Cancer and My High School Reunion: Healing Friendships

Eleanor Roosevelt, wife of our 32nd president said, "No one can make you feel inferior without your consent." I wonder if Eleanor ever attended any of her high school reunions.

After my diagnosis of Myelodysplastic Syndrome (MDS) in 2017, I made a goal to attend my 45th high school reunion. I know. Some people want to climb a mountain to prove they can do something hard. I wanted to reconnect with people from my past.

I had never attended any of my school's reunions, not one in 45 years. Why? It's complicated. Will Rogers High School in Tulsa, Oklahoma had more than 600 graduates in 1974. Born in 1956, we were smack dab in the middle of the Baby Boomers. There were always so many of us! When you're introverted, it's harder to make friends in such a large setting. I had lost contact with my best friend in high school, also complicated. Long story short: Gossip is the devil's radio.

As the reunion date grew closer, I told myself, you aren't storming the beaches of Normandy, Connie. You're going to a party. Just try to feel your best, so you can look and act your best.

Life changes our looks and our priorities

Dulci, my best friend in high school, reconnected with me on Facebook in 2017, but we hadn't seen each other in person since 1976. We had a lot of catching up to do. We sat together at the reunion and reenacted a photo from our teenage years. She, too, had been anxious about the event. Other women commented that they felt self-conscious because they were no longer the slender girls from the 1970s. Men who once bragged about their cool cars now bragged about their cute grandkids. Life changes our looks and our priorities.

The reunion committee had prepared a memorial table for those classmates who had passed away. I had to hold back tears as I viewed the young faces of classmates not only from high school but also from junior high and elementary school. Eighty photos were displayed on that table! They all died too soon.

According to a chart my oncologist has, my life expectancy is about nine more years living with MDS. (I want to throw darts at that chart.) This information feels like an expiration date on a milk carton. Come on, all you brilliant people, invent the cancer cure already! My new goal is to keep my photo off the memorial table at our 55th reunion in 2029.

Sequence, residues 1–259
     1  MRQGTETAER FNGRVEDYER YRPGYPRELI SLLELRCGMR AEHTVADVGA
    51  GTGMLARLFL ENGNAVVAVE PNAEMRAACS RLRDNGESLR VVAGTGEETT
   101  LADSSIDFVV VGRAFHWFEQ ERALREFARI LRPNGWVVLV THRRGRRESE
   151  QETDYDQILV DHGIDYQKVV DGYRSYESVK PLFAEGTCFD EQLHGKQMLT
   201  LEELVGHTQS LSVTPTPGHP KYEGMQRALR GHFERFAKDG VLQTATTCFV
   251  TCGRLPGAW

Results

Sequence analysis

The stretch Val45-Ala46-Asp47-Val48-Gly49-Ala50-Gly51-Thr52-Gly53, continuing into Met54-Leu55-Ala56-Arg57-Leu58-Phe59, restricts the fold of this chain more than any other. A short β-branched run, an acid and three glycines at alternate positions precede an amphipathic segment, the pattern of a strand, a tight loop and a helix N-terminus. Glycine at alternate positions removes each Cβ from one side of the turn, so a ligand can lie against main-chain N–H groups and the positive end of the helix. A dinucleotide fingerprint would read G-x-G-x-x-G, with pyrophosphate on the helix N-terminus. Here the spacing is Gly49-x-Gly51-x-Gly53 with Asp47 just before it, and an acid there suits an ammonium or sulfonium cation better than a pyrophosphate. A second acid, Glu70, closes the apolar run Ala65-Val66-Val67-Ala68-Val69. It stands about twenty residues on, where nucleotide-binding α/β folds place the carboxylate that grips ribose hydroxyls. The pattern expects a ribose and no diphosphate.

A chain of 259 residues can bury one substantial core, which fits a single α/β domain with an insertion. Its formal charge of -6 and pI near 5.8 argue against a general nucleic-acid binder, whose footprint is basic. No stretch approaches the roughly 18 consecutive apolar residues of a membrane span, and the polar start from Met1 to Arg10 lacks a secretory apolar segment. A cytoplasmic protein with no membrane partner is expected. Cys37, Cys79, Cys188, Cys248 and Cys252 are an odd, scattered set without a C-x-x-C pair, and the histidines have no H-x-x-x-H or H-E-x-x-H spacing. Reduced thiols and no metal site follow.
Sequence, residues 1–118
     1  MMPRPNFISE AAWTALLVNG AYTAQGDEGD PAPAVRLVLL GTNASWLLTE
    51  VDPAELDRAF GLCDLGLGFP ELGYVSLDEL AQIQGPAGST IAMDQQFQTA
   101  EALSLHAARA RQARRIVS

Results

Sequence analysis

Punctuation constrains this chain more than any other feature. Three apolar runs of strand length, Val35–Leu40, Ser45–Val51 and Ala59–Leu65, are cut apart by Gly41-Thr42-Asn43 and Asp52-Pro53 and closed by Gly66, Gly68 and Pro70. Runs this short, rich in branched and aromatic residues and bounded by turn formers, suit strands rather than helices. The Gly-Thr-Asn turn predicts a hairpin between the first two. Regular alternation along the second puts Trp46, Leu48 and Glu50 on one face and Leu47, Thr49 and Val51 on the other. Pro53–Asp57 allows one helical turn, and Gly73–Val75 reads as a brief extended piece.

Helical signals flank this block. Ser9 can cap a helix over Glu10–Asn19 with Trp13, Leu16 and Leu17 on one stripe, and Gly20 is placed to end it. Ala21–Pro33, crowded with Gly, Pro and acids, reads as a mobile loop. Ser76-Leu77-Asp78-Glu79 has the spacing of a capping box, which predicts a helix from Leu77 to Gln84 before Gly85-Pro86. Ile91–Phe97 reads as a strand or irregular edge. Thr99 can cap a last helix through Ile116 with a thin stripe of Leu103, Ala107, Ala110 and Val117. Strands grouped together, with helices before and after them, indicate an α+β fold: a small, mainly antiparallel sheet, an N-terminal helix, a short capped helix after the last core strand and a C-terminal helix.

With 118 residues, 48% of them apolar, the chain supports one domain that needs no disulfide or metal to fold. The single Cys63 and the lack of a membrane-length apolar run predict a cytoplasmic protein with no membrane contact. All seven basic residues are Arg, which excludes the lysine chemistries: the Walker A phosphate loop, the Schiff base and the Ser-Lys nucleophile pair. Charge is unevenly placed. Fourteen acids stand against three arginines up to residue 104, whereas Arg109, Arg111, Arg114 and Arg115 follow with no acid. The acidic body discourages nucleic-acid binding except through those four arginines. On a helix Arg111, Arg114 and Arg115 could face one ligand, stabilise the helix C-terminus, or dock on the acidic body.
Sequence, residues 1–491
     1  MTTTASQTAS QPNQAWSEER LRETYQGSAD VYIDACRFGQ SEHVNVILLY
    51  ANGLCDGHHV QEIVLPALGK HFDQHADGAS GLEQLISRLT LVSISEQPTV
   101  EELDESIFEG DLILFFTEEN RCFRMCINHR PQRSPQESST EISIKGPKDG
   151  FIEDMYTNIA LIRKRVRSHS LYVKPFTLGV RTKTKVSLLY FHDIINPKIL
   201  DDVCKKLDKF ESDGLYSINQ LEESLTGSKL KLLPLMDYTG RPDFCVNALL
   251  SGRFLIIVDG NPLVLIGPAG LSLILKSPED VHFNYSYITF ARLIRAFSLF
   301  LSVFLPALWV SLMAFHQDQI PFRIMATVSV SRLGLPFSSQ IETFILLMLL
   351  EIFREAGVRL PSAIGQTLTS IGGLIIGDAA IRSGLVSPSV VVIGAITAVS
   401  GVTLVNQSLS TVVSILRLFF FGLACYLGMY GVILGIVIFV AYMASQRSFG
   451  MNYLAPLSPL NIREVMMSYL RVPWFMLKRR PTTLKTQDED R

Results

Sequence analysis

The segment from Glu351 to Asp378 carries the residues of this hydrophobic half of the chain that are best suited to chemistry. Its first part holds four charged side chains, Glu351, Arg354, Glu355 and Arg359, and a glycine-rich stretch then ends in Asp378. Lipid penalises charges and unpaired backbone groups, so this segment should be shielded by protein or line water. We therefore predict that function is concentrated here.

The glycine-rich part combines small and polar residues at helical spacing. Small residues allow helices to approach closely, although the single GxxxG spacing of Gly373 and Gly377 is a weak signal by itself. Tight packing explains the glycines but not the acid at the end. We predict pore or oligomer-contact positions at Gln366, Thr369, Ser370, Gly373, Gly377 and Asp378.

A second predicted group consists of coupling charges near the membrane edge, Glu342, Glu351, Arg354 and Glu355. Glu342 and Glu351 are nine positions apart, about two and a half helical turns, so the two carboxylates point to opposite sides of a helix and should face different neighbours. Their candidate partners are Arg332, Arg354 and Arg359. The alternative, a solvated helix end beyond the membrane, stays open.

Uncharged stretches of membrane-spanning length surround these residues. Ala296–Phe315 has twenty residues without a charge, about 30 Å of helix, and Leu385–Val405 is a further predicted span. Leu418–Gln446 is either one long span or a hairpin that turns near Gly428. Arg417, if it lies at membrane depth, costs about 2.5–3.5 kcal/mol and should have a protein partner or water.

Planning to live a long life with MDS

Did you know when you're older, having a lot of friends may help you live longer? One study found people with many pals had a 22% better chance of living through the 10-year period of study than those with only a few friends. I also read that loneliness is as harmful to your health as smoking and that loneliness can cause memory loss!

I have been volunteering for Centenarians of Oklahoma. We honor those who reach the age of 100. Something many centenarians have in common is strong family ties and a large circle of supportive friends. Studies have proven that friendships can ease stress, improve your immune system (I'm really rooting for that one!) and protect your heart.

Eleanor Roosevelt also said, "A woman is like a tea bag; you never know how strong it is until it's in hot water." Maybe I will live past my expiration date with a little help from my old and new friends.

This article represents the opinions, thoughts, and experiences of the author; none of this content has been paid for by any advertiser. The team does not recommend or endorse any products or treatments discussed herein. Learn more about how we maintain editorial integrity here.

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